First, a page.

1/15/2016 Friday 5:50PM – Dinner
3455 S. Overland Ave. Los Angeles, CA 90034
Like so many others, we heard about n/naka through Chef’s Table, the Netflix food documentary series. If you haven’t watched it yet, stop reading right now and go watch it. Of all of the restaurants they profiled, this was the closest to us, so we vowed to drop by. Unfortunately, the price ($185/person for thirteen courses) and the popularity meant it’s not a place you can just walk into. We try to limit our huge food expenses to birthdays and anniversaries (because what’s to stop us from depleting our bank accounts otherwise?) and so about a month before our three year anniversary, we called up n/naka. The earliest spot they had for two was three months out. What can you do? All of that publicity must have done wonders for business. We took it.
n/naka doesn’t look like much on the outside. It’s a roundish gray stone building surrounded by some fixtures you’d find out of a Japanese garden, but even with the irregular shape it doesn’t catch your eye. That’s because, at night, the windows don’t spill light from the restaurant out into the street. The inside is a different story, all whites and neutrals. If Frank Lloyd Wright had been Japanese, I imagine he would have come up with something like this.
Our table was ready for us when we arrived. Each place was set with a black wooden tray and a pair of balsa chopsticks in their holder. A smaller tray with black pebbles sat in the middle – a miniature rock garden. Our hostess, a Japanese woman in a sleek gray suit, pulled out chairs for each of us in turn, shook out the folded cloth napkins, and placed them in our laps. Over the course of the meal, whenever one of us got up to use the restroom, she would materialize and refold our napkins.
“Anything to drink?” she asks. As it is $80 extra for wine pairings with the courses, we ask for waters, please, and decline the wine. Besides, it would be a pity to dull the senses tonight! There was no menu (we asked for a copy at the end of the night so we could fact check) so we weren’t sure what to expect, but we knew that we didn’t want to miss any of it.
First Course: Saki Zuke
(A pairing of something common and something unique)
The first course arrives with instructions. Take the tiny spoon of sturgeon caviar and use it to mix the contents of the conch shell (a seaweed soup with conch meat and potato puree), and eat. The head of the spoon disappears and then emerges from the foam without disturbing the shape of it, and fills your mouth with savory, potato-flavored air.
Have you ever had cotton shaved ice? The kind where there are no discernible pieces of ice at all? It’s like that, but less wet.
Eventually you discover that there is actually soup at the bottom of that shell, and that it is delicious. Once in awhile, a little bubble of ocean – a sturgeon roe – pops on the tongue. And the chewy pieces of conch surprise you with their solidity and remind you that you are indeed eating food.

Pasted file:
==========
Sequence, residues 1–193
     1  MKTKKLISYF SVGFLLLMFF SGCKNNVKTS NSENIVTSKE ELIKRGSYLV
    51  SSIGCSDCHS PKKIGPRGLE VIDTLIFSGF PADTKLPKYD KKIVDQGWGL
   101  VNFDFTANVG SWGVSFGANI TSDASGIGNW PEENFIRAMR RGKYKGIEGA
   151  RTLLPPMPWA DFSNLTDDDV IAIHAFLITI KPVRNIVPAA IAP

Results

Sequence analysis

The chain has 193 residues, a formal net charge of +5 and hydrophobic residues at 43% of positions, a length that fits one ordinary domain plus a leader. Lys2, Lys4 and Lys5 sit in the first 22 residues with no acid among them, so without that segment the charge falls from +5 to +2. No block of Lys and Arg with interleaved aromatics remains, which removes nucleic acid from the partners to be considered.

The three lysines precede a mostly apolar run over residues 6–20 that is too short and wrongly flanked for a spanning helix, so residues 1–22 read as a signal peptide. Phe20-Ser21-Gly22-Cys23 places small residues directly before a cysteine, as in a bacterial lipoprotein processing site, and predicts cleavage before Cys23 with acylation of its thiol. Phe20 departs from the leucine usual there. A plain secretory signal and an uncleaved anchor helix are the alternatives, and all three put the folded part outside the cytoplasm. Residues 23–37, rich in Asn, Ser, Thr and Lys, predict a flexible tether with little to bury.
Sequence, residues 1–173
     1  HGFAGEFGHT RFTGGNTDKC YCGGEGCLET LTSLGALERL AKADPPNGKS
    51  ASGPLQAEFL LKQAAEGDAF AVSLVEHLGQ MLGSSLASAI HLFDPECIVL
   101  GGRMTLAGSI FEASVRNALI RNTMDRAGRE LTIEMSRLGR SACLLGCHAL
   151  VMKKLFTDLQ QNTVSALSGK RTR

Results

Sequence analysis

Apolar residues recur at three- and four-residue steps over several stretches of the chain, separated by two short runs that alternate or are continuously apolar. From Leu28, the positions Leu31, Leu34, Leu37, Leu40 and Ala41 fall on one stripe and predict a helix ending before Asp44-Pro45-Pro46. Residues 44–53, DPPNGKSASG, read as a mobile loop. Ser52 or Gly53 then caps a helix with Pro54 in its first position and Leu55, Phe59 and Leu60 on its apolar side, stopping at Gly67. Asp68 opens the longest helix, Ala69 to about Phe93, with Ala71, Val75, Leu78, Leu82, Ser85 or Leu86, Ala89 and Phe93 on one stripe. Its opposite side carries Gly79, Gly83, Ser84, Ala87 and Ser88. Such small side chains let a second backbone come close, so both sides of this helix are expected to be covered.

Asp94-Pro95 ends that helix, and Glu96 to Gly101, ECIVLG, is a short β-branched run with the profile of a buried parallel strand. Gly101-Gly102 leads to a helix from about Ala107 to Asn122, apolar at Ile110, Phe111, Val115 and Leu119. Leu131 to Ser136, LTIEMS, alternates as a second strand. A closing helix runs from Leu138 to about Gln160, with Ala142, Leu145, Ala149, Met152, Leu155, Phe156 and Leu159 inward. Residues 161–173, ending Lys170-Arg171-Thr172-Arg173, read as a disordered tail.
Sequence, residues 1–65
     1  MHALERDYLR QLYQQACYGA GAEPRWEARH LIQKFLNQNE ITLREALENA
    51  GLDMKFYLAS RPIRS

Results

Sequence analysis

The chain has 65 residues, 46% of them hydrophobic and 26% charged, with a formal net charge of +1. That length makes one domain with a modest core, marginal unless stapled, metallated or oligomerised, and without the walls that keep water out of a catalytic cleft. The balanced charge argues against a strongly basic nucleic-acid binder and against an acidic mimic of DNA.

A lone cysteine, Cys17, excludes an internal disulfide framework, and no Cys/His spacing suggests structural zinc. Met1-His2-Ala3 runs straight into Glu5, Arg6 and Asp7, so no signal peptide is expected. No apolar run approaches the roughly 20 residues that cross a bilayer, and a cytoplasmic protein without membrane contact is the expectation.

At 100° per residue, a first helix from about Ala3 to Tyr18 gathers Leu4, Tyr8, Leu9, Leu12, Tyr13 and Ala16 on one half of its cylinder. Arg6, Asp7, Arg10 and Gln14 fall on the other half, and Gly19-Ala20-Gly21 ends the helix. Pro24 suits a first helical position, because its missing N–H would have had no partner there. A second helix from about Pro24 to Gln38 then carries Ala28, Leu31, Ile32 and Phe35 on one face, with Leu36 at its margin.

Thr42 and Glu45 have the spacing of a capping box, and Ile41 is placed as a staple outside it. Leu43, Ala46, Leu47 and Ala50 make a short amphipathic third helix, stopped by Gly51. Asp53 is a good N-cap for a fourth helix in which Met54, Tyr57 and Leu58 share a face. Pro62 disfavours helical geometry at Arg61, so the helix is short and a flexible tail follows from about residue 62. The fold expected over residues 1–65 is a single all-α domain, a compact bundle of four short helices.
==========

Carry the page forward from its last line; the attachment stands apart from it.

Second Course: Zensai
(Seasonal ingredients presented as an appetizer)
The shrimp is smoky with the char of the grill, earthy, musky and tender. They’ve put some kind of citrus on this, and when dipped in the almost cheesy orange sauce (was this made from the head of the shrimp?), the taste is indescribable. You open the little paper package to find halibut steamed with mushrooms. It is is the mildest thing, and the most substantial. Please enjoy it dipped into the orange sauce, a passing waiter tells you. You do, and you find that the sauce imbues the flaky fish with depth. The little black dish is monkfish liver, milder in flavor than bird or pork liver, and not as buttery as a foie gras. The chives provide a little spicy note. Lobster and crab jelly with lobster meat and cauliflower purée sits on the bamboo basket, cold and delicate and sweet with the flavor of the lobster. It’s softer than any gelatin, and has more the texture of homemade bone broth that has been sitting in the fridge long enough for the collagen to solidify. It’s hard to pick up with chopsticks; in the end, you just pick up the dish and slurp.
That was one course? A woman at the corner table asks. I thought that was five!
By now, all of your expectations have been knocked out of the water. What could possibly be next?
Third Course: Modern Zukuri
(Modern interpretation of sashimi)
The yellow dots are yuzu (an extremely aromatic Japanese citrus) curd, sweet and creamy and tart. The avocado sauce is smooth and more umami than expected, like a smooth guacamole and sea foam had a baby. The greens and the radish are crisp and peppery. The scallops are sweet and buttery and only solid in the most technical sense. Dipped in the yuzu, avocado, and soy sauces, you get something sweet and salty, and fleeting like a dream.
Fourth Course: Owan “Still Water”
Please open the bowl and enjoy the fragrance of the kombu, your waitress says.